Here’s something delightful– and who doesn’t need delightful now and again? Reader (thank you so much, Tim) and high school chum Timothy Crouse reminded me of this: the Bulwer-Lytton Fiction Contest.
It is a contest in which you– get this– compete to win the prize for the Worst First Sentence. I love this. It is both hilarious and clever (such a wonderful combination) and it basically cuts the legs out from under all the gravitas that writers can self-impose, which is a Very Good Thing for everyone.
I have long (and very quietly) believed that anyone can write a good first sentence. Or a good final sentence. And this is because there are all kinds of ways to compel a reader, and all kinds of ways to give a sentence just the right amount of heft. For example, I recently read Nicole Krauss’s Man Walks Into a Room, and the final sentence was just marvelous. Really. It had such simplicity, and imagery that was– when one thought about it– virtually unrelated to the rest of the text. It could have been attached to almost anything (okay, not really). But the way in which it was attached was genius. I loved it. And of course Nicole Krauss is a wonderful writer. Still, my point is that it could have stood on its own, or been attached to another story entirely. It was just beautiful all by itself.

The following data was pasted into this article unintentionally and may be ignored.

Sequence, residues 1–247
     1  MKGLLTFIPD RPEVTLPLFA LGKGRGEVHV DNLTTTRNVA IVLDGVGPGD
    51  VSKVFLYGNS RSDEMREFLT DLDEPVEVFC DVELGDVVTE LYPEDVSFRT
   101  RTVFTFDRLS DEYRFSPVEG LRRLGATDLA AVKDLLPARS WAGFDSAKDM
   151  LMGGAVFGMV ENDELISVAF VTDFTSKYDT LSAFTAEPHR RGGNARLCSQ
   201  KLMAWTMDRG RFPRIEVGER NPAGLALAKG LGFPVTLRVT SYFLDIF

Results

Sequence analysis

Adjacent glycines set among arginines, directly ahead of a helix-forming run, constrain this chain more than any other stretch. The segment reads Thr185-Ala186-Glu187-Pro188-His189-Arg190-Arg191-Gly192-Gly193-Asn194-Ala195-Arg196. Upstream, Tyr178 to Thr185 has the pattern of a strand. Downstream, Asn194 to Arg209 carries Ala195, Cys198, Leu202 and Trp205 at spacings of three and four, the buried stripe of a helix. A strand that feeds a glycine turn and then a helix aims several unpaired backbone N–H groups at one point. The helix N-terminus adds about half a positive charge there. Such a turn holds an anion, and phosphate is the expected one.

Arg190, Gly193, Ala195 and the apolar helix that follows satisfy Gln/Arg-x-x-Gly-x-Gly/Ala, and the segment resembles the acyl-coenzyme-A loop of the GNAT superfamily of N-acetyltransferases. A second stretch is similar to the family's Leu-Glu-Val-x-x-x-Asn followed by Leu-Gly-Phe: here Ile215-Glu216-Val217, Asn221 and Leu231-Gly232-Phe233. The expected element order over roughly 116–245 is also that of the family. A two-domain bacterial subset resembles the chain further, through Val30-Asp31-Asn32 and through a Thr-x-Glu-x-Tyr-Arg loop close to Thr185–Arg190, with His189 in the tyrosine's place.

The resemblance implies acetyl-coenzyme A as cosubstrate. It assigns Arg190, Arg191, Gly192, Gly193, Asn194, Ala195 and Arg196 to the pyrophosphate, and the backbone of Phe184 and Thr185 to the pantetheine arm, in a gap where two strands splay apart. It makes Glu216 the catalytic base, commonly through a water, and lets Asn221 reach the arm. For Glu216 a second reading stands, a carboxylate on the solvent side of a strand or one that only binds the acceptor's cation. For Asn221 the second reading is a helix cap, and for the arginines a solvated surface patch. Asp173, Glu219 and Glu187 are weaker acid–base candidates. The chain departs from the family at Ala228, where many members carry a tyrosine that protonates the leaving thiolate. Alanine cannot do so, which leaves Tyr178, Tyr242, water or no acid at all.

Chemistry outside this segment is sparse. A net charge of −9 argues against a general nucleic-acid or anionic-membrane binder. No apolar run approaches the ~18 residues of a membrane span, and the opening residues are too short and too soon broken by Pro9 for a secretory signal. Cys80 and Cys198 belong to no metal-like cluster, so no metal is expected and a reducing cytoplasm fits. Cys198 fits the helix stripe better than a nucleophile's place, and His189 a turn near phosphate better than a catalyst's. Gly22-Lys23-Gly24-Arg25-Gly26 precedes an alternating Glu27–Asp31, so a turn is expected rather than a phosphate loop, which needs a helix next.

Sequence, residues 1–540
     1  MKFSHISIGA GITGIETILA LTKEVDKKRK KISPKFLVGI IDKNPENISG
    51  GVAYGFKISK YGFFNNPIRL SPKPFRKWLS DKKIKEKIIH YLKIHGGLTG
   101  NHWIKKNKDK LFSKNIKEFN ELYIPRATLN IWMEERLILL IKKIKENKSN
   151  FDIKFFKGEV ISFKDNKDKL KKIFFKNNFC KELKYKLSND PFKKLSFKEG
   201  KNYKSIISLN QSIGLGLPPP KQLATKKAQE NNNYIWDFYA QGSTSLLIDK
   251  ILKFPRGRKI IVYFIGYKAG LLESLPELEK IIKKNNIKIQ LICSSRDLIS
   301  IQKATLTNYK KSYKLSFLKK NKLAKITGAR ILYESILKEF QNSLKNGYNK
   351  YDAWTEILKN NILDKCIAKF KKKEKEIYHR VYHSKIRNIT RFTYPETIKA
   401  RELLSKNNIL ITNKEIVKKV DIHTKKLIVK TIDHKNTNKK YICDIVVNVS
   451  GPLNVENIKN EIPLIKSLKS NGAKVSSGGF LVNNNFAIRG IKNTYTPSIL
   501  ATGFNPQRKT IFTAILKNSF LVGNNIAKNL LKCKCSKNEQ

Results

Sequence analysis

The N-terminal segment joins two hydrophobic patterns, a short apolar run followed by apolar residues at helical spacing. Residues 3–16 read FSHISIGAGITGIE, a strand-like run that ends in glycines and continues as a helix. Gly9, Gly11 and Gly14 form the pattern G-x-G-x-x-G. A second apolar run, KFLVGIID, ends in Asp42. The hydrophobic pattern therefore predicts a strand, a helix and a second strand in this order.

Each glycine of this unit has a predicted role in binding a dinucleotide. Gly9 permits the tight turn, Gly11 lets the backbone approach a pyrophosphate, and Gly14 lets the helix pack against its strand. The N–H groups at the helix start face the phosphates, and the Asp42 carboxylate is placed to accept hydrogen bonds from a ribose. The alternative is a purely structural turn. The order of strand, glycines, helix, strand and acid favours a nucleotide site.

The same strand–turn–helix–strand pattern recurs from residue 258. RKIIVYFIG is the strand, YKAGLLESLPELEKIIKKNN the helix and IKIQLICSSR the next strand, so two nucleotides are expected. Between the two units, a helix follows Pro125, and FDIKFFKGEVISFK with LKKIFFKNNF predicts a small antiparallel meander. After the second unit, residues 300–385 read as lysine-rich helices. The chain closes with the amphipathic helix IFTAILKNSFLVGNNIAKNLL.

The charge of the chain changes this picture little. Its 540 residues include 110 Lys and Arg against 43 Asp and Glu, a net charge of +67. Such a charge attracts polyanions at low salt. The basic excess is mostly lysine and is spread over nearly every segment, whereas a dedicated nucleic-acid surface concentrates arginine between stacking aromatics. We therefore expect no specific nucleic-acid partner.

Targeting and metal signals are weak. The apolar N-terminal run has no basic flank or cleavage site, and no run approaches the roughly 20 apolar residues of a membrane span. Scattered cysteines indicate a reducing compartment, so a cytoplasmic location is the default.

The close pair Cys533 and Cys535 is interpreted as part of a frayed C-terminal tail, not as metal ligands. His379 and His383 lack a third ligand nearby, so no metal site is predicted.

Good sentences are good– just plain good. They can intrigue and entice, or they can merely pique interest, or they can say nearly nothing. The point is that you can begin like that, or end like that, and it’s fine.
But to write a Really Bad Sentence? That takes some serious figuring out, and maybe lots of clauses. I would copy some of the Lyttoniad contest winners here, but I’m having trouble making it work, so I recommend that you head over to the site for a good laugh. I promise you, it will not waste your time.
In other news, my husband decided this morning that the word “Vaccine” would be a good name. For a girl. You know, like Maxine, but not. I know we’ve all seen them: names that seem like maybe they were going for something else, but missed.
Bill is very excited about this, and spent some small time this morning discovering that there’s only one Vaccine in the country, and she lives in Pennsylvania. That’s “Vaccine” as a first name, anyway.
He also suggested that she could name her daughter Innoculata.
All of this because, I suppose, I am writer, and we have decided that characters in books need to have interesting names– not plain ones like Rebecca, or Bill.
How’s this for a first sentence? It was only after that long, vital and earnest conversation with her boss, that Vaccine, horrified, discovered– upon catching her reflection in the ladies’ room mirror– that she had a largish piece of spinach stuck between her front teeth.